Research Papers in Physics and Astronomy


Date of this Version

January 1948


U.S. Patent Number: 2,434,658.


The invention to be hereinafter described relates to insulators and more particularly to strain insulators for wire antennas.

It has long been common practice to use with antenna wires on airplanes the well known porcelain or ceramic insulator, the wire ends being looped through or about the insulator, and brought back and twisted about the wire to tie, anchor or securely attach or fasten the insulator to the antenna. The produces small wire-end surfaces or other small wire surfaces, where the wires are would or twisted, which under certain atmospheric conditions are favorable to corona discharges. When the corona discharge is produced on a place it frequently completely obscures, submerges or, in substance, blanks out the signals of the radio so that the radio set of the plane becomes, practically, useless. The atmospheric conditions conducive to such corona discharge are frequently encountered by airplanes, especially when flying at high altitudes. Obviously, it is extremely important that the radio sets of planes should function well under such adverse conditions.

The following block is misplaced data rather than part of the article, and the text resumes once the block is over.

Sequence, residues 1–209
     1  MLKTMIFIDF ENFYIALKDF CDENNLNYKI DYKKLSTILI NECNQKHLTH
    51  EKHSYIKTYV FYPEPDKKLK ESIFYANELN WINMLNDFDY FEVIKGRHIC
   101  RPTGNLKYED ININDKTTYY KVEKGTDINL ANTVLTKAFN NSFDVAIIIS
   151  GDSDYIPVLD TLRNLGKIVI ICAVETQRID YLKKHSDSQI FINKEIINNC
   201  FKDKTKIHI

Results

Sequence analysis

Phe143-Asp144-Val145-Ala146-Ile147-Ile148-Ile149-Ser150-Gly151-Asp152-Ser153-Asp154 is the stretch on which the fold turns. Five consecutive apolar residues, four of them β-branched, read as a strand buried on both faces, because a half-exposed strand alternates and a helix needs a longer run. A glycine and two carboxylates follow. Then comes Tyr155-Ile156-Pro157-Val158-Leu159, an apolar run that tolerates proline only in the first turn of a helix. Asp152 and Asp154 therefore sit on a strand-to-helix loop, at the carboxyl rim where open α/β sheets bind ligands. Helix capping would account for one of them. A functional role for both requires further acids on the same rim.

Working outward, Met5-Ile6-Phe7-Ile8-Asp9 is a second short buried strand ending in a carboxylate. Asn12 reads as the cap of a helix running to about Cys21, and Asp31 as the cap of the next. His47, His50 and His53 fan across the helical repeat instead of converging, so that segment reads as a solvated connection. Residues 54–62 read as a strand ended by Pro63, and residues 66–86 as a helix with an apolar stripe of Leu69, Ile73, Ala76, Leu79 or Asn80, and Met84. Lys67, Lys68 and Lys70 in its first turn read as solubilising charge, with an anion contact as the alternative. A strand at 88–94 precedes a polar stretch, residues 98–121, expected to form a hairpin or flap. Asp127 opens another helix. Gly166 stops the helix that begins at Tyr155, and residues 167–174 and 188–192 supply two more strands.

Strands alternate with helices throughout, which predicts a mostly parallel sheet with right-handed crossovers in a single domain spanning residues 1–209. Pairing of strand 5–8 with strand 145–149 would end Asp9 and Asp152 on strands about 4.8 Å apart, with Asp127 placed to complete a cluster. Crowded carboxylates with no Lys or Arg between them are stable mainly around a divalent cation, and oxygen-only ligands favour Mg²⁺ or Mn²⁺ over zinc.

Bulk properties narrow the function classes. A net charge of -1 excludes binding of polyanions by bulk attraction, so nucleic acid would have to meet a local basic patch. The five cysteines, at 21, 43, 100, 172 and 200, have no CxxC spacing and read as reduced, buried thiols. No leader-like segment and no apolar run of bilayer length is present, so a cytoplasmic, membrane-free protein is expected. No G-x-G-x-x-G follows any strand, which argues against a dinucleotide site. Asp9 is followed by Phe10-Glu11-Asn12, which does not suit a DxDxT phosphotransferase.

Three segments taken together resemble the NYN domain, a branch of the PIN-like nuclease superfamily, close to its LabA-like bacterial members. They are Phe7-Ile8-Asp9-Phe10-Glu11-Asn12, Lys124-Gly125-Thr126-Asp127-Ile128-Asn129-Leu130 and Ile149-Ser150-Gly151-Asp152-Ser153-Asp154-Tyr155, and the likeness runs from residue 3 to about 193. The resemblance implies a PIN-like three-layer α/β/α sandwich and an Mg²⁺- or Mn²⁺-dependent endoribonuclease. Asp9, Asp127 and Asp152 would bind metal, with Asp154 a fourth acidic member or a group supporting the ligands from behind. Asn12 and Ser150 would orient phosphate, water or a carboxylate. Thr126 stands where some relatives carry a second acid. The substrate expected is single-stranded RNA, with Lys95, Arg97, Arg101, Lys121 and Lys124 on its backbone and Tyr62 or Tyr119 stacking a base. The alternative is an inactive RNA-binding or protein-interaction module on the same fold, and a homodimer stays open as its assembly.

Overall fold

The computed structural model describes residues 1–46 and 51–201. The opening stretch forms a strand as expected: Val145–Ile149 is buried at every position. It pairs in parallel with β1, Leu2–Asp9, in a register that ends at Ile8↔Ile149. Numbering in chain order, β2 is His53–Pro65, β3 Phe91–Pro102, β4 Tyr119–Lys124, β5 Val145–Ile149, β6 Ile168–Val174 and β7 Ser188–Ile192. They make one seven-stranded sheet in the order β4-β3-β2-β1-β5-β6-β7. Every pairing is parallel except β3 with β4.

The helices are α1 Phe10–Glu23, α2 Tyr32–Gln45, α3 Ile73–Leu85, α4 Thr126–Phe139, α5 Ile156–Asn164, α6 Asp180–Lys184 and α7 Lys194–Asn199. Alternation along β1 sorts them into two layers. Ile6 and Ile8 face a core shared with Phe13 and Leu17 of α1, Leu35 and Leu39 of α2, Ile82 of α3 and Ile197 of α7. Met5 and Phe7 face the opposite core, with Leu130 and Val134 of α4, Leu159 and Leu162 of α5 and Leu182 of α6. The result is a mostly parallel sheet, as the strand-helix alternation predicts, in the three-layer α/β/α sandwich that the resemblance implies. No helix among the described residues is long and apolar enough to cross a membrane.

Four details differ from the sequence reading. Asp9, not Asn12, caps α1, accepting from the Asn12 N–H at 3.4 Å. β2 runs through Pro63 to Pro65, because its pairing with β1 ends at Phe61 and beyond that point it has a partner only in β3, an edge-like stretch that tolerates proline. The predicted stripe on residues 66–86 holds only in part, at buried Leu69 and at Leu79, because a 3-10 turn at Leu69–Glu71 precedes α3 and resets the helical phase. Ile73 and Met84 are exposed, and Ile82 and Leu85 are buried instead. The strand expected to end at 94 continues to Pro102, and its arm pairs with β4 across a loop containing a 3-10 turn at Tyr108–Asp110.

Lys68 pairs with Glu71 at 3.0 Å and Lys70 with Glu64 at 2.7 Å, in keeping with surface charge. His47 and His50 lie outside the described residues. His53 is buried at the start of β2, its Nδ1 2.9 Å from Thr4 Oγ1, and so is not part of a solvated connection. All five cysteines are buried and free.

The main objects of the present invention are to overcome the above and other objections and provide a simple, efficient, and compact strain insulator which may be produced in quantity at low cost.

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